NOTE: IN ORDER TO BETTER SEE PHOTOS IN THEIR FULL 1600 PX. RESOLUTION, VIEW THEM IN THE ALBUM FORMAT BY CLICKING ON THE LEAD PHOTO OR ANY PHOTO IN THE POST. This is especially true for landscape shots. Thanks to Mark for the idea of adding this alert so the photos can be seen at their best!

Tuesday, November 29, 2016

Everything is Tickety-Boo? Totally Disco?

Recently I watched the British TV show "Luther" on Netflix and he commented "Everything is tickety-boo.  Totally disco."  Now I did not know what that meant so I looked it up.  It's a song from the 1958 movie "Merry Andrew" starring Danny Kaye which I mean to add to my must watch list based on the music video.  I might be more likely to incorporate the phrase "totally disco" into my personal lexicon though since a decade ago I used "groovy" with annoying frequency.

Love the optimism in the clip and the carefree enthusiasm he is showing!  I've been out of the loop with blogging and hiking recently due to a number of things, but one of those is the problems I've been having with carpal tunnel.  Since I was just about to hit my out-of-pocket limit for the year under our insurance I scheduled my first surgery which I had done the day after Thanksgiving.

My doctor was highly recommended and I had the procedure done pain-free and under local anesthesia only.  Very weird to feel them retract after the incision by the tugging sensation but to not actually feel anything they were doing!  I was in and out of the operating area in about 15 minutes and 10 minutes after that my mother and I were out the door and off to breakfast and shopping.

Yes, we went shopping at Mayfair Mall which was just across the street on Black Friday.  I don't say we got a lot accomplished though except for hitting the Apple store when there was no line and finally getting her upgraded to a smartphone.  I crashed at the end of the long day and slept for 12 hours, however post surgery pain has been easily managed by ibuprofen - the Tylenol 3 they prescribed seemed to be fairly useless.

Day 5 - free at last!

Surgery was on Friday morning and now on Tuesday morning the bandage is off and here I sit typing at my normal speed with both hands.  Not everything is that easy, I tried to put a sweater on a hangar and whatever movement I made the pain was shocking though brief.  So, still some healing to do and I will ease into it.  For the most part though everything is Tickety-Boo.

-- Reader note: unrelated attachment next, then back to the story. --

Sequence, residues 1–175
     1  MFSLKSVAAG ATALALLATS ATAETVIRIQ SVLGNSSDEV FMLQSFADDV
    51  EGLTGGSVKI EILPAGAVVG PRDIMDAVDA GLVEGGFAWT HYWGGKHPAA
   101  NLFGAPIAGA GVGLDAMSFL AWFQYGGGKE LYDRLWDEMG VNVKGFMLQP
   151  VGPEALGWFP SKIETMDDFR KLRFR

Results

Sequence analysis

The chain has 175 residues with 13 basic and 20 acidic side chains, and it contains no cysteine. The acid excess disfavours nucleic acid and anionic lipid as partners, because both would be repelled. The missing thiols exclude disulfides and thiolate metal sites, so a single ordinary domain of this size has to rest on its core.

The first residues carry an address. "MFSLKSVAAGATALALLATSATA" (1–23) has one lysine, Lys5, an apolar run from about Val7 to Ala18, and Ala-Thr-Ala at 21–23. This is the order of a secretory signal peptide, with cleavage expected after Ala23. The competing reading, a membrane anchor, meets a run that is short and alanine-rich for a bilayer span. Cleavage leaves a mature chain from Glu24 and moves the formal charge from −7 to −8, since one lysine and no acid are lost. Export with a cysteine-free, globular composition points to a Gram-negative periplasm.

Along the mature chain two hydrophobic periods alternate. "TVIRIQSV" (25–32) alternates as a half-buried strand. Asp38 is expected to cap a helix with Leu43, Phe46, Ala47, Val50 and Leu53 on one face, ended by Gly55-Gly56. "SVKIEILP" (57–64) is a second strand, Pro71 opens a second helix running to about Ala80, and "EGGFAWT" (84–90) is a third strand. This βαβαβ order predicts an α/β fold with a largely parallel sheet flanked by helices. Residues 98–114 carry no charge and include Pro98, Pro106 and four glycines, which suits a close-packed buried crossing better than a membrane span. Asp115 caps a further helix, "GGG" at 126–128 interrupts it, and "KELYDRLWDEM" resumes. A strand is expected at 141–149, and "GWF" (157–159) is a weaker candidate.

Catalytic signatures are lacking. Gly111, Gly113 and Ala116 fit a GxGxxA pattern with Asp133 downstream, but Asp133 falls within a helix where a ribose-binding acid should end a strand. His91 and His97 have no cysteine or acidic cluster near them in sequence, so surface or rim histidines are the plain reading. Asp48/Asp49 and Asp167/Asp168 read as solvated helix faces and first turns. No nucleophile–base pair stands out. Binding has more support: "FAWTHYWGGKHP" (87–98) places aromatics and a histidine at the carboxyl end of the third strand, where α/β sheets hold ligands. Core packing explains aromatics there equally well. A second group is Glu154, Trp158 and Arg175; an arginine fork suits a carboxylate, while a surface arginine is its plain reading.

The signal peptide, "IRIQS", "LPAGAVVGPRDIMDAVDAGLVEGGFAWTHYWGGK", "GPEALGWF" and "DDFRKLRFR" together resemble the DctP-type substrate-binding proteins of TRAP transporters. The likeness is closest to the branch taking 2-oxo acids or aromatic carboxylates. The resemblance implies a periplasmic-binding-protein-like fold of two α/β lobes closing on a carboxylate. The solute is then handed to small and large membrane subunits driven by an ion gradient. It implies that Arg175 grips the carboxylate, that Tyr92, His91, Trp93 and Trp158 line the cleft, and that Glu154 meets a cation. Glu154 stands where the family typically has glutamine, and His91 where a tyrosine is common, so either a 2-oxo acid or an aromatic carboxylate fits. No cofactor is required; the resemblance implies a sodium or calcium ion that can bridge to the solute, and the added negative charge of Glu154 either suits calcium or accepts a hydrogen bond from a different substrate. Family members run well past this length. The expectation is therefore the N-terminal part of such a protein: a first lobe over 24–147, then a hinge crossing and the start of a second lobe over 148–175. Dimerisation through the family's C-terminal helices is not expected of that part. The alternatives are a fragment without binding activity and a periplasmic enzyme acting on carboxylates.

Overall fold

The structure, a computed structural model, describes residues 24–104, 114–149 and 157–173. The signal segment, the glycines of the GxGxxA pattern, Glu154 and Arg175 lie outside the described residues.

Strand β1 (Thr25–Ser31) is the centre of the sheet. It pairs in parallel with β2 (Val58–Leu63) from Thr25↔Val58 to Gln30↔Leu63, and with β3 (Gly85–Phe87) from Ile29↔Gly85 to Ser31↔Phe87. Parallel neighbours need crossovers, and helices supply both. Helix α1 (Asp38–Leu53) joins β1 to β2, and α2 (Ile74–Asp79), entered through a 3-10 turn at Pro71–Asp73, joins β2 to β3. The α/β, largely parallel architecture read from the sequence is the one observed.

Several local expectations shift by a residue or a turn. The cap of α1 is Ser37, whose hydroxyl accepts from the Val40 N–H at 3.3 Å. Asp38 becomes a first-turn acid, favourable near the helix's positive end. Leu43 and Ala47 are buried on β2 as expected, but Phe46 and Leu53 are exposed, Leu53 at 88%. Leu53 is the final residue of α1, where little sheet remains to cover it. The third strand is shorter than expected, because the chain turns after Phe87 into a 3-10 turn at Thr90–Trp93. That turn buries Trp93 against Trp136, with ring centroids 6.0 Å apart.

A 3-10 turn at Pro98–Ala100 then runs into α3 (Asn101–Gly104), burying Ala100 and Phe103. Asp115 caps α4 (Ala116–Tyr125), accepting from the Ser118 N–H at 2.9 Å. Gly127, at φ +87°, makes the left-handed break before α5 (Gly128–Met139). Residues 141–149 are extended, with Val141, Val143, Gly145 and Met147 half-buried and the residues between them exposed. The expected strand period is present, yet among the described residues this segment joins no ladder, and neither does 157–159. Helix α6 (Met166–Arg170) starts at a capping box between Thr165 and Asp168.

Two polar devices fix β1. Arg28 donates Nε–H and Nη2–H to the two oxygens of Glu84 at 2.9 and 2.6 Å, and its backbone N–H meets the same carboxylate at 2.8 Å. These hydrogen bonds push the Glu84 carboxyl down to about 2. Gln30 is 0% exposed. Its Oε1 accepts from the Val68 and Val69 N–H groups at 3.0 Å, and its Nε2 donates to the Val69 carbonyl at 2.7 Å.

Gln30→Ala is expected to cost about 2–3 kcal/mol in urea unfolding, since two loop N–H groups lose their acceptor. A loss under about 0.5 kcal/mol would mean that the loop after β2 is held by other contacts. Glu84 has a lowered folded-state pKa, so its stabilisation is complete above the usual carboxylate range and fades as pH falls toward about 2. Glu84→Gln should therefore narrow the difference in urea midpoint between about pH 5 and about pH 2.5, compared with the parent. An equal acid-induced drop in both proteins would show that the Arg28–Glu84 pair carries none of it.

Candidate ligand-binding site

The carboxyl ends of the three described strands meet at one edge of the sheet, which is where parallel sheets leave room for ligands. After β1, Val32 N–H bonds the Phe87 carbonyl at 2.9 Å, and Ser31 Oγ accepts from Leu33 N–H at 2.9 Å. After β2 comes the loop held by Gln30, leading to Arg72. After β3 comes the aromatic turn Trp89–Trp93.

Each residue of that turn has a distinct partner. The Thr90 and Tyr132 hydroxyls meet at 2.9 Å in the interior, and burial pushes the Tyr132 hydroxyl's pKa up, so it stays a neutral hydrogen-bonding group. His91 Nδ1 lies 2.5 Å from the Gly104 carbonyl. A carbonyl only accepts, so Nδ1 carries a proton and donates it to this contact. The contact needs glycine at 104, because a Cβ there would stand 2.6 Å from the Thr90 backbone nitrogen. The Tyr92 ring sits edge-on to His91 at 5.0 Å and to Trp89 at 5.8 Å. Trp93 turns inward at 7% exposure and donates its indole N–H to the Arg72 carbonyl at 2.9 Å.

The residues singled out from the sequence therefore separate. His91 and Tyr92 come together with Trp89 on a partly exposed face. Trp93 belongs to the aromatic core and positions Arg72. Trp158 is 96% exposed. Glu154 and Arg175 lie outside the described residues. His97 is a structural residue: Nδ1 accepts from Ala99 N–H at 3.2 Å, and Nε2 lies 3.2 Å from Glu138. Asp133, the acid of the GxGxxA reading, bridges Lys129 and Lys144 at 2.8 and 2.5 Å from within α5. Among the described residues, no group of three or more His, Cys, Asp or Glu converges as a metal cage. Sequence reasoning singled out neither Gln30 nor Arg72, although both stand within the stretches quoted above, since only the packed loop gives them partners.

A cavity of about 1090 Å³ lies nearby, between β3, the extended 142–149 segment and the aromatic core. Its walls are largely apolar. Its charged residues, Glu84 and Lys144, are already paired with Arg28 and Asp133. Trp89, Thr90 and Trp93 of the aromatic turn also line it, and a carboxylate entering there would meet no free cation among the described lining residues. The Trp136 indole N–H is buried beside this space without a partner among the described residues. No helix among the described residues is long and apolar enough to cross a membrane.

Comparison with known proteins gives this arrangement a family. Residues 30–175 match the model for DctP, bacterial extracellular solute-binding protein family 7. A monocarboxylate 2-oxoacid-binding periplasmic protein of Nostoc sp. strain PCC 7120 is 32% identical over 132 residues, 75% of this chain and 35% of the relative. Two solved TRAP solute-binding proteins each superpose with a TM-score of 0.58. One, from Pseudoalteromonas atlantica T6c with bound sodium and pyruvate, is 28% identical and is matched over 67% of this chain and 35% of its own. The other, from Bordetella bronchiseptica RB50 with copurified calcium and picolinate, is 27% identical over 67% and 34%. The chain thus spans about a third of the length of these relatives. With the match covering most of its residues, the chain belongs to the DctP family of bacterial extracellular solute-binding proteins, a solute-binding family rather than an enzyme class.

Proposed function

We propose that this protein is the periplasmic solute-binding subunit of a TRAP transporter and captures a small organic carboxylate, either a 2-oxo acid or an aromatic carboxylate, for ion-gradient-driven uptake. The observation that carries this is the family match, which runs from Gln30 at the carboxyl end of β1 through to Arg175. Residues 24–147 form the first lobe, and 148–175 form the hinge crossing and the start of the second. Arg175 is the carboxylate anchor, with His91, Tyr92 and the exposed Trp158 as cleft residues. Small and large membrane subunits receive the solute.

I also got the tree decorated yesterday much to the delight of our young cats.  Totally Disco!

Wednesday, November 16, 2016

A Spin Around Clarksville and Jeffersonville

After ending up in Clarksville by accident I realized it looked like I could make my way over to the Colgate clock, something I've wanted to do for quite awhile but my plans always seem to get thwarted.  And hey, I spelled that right on the first try so bonus points for using thwarted and spelling it correctly!

Colgate clock, from intersection of Center and Woerner Streets

The clock is the second largest timepiece in the world, measuring over 40 feet across.  And even though it has been atop this building since 1924 it is still working!  I know the plant was in danger of destruction at one point so who knows if it will make it to one hundred years.

From there it was a hop, skip and a jump over to another stop I have wanted to make for a long time and that is the Falls of the Ohio State Park.  The 390-million-year-old fossil beds are among the largest, naturally exposed, Devonian fossil beds in the world.

notice the tiny people in the distance

I had great timing as the water was really low and I got to walk out and spot a lot of fossils.

horn coral

I didn't look hard enough up closer to the interpretive center which is apparently where all the good stuff is, but I enjoyed walking out as far as I could and trying to guess what I was looking at.

Normally I would get more information at the interpretive center but there was a $9 admission charge which I was unwilling to pay knowing I would be back with Wayne some time in the future.  He would definitely like having a look around.

The lobby had what looked to be some Chihuly glass hanging from the ceiling.  Score!

From the park I just had to cross a few roads along the river to Jeffersonville.